“Sponsor?” Kat asked, raising an eyebrow. “You mean like AA?”

There was a weighty pause as I considered her comparison – one I’d never considered before. “Well, yes,” I finally agreed, “yes, a lot like Alcoholics Anonymous!”

I think Kat’s onto something there.

Consider: Without grace, we’re addicted to sin, aren’t we? We develop dependencies on our self-destructive behaviors, and we come to crave the evils that keep us separated from God. In fact, we routinely refer to “habits” of vice, just as we refer to “habits” of virtue – perfidy and purification as moral extensions, in opposite directions, of our human reliance on rote action.

Baptism is the drunk tank of our withdrawal from sin. It’s an ecclesial intervention to disrupt the downward slope of our unregenerate routines – a sacramental wake-up call, a liturgical splash of cold water in the face. When we receive baptism as adults (or seek full communion with the Church via the Rite of Christian Initiation of Adults), we’re in effect embracing the first step of AA’s famous 12-step program of recovery:We admitted we were powerless over alcohol (read: sin) – that our lives had become unmanageable.” Simultaneously, we’re also ticking off our acquiescence to the next two steps as well – namely, that we believe that a “Power greater than ourselves could restore us to sanity” and that we’re turning “our will and our lives over to the care of God.”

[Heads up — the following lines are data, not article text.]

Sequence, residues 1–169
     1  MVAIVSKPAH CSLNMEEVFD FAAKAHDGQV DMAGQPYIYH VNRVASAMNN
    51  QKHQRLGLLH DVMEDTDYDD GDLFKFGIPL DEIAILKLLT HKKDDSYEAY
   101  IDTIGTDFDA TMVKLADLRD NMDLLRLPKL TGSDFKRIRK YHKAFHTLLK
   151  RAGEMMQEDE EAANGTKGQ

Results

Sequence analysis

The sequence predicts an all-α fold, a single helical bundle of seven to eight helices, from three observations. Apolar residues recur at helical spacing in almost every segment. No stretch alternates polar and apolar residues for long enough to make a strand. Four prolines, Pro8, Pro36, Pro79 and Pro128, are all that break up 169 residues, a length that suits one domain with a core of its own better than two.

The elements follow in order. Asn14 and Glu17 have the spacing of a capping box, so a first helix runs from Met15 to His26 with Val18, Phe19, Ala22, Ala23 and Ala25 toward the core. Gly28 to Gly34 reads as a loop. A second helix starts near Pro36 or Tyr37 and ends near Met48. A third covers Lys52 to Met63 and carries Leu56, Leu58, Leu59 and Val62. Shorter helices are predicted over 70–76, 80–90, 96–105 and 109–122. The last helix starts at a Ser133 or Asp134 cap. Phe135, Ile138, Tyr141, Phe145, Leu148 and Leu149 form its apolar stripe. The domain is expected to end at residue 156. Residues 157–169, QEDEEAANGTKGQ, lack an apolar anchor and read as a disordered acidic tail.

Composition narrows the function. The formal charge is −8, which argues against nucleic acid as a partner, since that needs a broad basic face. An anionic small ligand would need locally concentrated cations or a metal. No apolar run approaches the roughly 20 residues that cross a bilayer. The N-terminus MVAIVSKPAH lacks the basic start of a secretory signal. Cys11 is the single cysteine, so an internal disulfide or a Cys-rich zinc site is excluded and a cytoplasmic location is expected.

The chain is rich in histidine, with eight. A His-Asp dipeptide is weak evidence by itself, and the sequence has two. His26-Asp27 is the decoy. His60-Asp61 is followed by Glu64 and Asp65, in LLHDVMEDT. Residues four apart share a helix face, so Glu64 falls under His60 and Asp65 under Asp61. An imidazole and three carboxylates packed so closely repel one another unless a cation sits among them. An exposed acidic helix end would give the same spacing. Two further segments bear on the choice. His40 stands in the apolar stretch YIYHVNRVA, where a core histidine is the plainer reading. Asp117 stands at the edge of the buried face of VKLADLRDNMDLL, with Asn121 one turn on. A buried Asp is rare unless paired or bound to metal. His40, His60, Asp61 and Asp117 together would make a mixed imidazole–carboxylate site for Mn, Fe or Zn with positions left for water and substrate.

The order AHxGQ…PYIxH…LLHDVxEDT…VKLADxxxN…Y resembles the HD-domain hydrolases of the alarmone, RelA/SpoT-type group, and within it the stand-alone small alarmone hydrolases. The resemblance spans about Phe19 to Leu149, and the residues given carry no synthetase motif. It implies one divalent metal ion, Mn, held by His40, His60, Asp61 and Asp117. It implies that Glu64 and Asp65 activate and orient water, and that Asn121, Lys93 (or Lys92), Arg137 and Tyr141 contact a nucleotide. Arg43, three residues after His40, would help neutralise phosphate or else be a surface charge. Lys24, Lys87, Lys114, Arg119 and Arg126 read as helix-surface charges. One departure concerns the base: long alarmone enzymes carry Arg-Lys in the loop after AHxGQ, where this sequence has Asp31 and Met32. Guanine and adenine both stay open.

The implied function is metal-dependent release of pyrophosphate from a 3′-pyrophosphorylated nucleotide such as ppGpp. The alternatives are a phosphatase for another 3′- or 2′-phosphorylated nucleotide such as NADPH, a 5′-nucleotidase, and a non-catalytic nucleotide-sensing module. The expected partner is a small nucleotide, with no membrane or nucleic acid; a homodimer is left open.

The overlap between Catholic conversion and Alcoholics Anonymous is all the more illuminating if you take the full communion route, for while non-Christians will require baptism when they join the Church, those who were baptized previously need only make a profession of faith and make a good first confession. With that in mind, get a load of the next four AA steps:

  1. Made a searching and fearless moral inventory of ourselves.
  2. Admitted to God, to ourselves and to another human being the exact nature of our wrongs.
  3. Were entirely ready to have God remove all these defects of character.